DISHING IT OUT

Food

One of the quickest ways to experience any culture is by tasting it and before any of you get the idea to go around licking the various lhakhangs, chortens and maybe even the locals, I’m talking about food. Food is a quick way to experience a culture. Although, I have no doubts that there are a few locals who wouldn’t mind a good licking just as long as you ask them. Consent is important in matters of the tongue otherwise it’s just unpleasant for everyone involved. Now where was I?Ah Yes! Food. By no means am I a food expert but as a consumer of it I believe I know enough to shed some light on the topic.

If you ever randomly find yourself – as one often does – in a restaurant that claims to serve traditional Bhutanese food, here are some dishes you are guaranteed to find on the menu. Ema Datshi, the national favorite whose primary ingredients are chilies and cheese. Then we have kewa Datshi, another popular item comprising potatoes, chilies and cheese. Of course, we can’t forget Shamu Datshi which is prepared with mushrooms, chilies and cheese. Then you have your Dolom Datshi (eggplant, chilies and cheese) Saag Datshi (spinach, chilies and cheese) Semchum Datshi (beans, chilies and cheese) and in some places, Gongdo Datshi (eggs, chilies and cheese) Despite being a Buddhist country we do have some non-veg options as well. Such as Shakam Datshi, a curry made with dried beef, chilies and cheese and Sikam Datshi made with dried pork, chilies and cheese.

I’m guessing you’ve noticed a theme in our cuisine. Precisely! It’s catered towards eliminating all of you who are lactose-intolerant and if the cheese isn’t enough to leave you straining and sweating on your toilet then the sheer amount of chilies is certain to literally light a fire under you. Oh! before I forget, in some restaurants your order may also come with ezay which is a sort of salsa or paste made with, ding, ding, ding, you guessed it, chilies. However, the beauty of ezay is that everyone prepares it differently. Save for the chilies, different people use different ingredients. Some are tangy, some minty, some are extra hot and some even have fresh cheese grated over it. Burn appetit and tell your gastro-intestinal system that Bhutan says “Hi”.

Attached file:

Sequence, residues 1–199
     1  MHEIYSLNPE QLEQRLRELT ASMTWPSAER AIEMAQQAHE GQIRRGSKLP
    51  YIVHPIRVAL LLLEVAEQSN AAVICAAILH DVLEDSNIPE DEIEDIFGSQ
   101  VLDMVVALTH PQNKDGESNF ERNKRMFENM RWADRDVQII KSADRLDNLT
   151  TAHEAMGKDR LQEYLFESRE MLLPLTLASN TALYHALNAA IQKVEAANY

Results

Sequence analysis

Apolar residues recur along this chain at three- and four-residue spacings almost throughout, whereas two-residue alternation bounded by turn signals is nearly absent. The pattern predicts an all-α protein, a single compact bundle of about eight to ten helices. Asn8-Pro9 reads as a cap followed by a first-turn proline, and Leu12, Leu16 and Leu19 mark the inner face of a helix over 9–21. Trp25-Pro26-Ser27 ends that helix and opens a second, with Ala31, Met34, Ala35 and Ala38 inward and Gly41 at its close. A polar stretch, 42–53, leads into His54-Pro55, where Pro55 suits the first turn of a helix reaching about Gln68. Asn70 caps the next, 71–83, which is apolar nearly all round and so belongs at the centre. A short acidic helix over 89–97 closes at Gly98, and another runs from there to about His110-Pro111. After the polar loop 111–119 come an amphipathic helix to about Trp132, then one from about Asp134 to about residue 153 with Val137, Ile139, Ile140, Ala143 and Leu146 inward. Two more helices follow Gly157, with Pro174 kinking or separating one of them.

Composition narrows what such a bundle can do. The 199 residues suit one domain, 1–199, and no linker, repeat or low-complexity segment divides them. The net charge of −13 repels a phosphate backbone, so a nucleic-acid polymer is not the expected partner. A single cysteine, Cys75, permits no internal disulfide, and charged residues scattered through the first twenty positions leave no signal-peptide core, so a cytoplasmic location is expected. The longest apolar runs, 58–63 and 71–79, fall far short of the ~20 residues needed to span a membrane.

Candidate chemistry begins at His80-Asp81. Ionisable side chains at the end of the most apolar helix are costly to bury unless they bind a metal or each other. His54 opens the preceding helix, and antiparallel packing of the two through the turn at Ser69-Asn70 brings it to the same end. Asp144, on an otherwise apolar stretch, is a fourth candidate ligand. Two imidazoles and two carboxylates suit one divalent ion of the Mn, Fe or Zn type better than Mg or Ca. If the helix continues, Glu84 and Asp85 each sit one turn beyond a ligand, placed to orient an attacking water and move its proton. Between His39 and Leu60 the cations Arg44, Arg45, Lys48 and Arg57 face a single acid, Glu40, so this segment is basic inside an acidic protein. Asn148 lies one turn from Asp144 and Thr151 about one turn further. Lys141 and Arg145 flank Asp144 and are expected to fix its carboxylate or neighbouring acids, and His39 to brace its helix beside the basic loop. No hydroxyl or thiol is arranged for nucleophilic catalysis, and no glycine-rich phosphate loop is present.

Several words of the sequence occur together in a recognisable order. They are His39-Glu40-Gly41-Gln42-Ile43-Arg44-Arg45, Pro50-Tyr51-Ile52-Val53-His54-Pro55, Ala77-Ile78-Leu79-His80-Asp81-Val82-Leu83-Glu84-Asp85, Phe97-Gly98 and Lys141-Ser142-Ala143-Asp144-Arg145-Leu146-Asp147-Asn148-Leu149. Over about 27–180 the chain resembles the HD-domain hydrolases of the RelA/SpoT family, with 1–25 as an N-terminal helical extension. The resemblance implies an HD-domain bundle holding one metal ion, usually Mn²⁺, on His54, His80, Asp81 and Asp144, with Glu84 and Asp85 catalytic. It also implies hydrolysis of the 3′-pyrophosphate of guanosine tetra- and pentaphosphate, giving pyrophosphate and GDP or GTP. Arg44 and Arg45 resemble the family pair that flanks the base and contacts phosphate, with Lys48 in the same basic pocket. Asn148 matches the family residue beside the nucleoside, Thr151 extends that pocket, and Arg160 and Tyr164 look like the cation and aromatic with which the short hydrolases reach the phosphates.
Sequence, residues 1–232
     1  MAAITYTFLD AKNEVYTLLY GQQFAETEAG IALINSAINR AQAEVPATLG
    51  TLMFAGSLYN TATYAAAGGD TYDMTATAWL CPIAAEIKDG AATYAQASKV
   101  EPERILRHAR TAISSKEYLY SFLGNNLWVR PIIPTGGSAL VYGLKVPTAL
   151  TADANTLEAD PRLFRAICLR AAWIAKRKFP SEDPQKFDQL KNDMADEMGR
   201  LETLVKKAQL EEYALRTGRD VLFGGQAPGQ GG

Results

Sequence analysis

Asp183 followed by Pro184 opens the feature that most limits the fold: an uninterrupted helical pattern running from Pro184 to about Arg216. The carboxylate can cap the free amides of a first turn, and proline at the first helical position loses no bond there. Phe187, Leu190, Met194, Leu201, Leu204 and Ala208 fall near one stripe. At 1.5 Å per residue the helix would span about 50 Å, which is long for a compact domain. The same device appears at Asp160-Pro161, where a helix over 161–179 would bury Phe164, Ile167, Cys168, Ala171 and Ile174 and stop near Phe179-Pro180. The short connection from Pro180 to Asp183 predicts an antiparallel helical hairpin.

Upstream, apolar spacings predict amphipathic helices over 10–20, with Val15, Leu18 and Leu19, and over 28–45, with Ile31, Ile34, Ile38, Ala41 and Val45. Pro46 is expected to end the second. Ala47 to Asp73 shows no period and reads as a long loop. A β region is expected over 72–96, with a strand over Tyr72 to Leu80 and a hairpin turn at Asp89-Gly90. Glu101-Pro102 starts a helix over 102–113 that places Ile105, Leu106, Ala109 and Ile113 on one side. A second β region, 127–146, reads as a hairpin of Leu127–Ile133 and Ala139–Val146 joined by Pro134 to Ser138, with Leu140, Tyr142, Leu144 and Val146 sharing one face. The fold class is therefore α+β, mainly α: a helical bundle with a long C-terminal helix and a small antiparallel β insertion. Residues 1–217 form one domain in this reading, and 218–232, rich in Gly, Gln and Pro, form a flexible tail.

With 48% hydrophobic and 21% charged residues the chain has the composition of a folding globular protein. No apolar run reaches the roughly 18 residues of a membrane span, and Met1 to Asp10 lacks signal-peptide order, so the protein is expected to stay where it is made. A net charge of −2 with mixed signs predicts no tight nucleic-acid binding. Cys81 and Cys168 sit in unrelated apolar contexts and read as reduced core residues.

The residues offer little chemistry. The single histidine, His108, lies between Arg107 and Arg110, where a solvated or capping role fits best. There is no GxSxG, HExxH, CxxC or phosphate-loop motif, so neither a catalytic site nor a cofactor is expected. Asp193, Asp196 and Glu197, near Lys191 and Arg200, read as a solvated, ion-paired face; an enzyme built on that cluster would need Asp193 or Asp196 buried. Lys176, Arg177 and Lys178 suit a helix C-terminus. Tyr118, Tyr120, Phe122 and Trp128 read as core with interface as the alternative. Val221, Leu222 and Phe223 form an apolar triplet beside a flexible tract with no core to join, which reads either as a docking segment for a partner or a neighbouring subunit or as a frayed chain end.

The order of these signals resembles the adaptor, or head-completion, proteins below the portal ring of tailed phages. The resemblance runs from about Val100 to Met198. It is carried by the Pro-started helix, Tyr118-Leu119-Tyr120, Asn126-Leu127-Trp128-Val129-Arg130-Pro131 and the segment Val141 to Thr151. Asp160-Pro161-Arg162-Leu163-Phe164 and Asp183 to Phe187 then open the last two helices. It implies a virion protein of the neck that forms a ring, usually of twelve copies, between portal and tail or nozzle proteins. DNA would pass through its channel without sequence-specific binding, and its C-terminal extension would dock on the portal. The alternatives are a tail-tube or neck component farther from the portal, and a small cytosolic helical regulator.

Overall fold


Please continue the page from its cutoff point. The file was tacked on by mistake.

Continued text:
I love food, in fact, I eat it often and over the years I have come across many tourists who want what they call the “authentic Bhutanese dining experience” which begs the question, what is an “authentic dining experience”? Is it authentic if you only get culturally accurate food or is it the entire experience that needs to be authentic? If it’s the latter then I’m sorry to say that you won’t get that in any fine dining establishments. I’m not saying that the food in those places are bad or culturally inaccurate, but in my experience there is an ambience that is lacking in such places. An ambience you only find in the hole in the wall, mom and pop restaurants. A truly authentic Bhutanese dining experience, for me at least, is in those small confined spaces barely large enough to fit a handful of people where the cook is also the waiter and there is a line of people waiting to get in for a quick bite. You see it during the lunch hour rush when office goers pack into their favourite eateries and the air thrums with the sound of several conversations happening at once yet everyone understands each other. It is in those fast food joints where the menu is limited but the portions are generous and the price reasonable. You find it at the end of a long night of partying and drinks when you sit on the pavement conversing with other party-goers while you munch on momos and slurp thuep (Bhutanese rice porridge) until the cops come and chase away the vendor for operating beyond the permitted hours.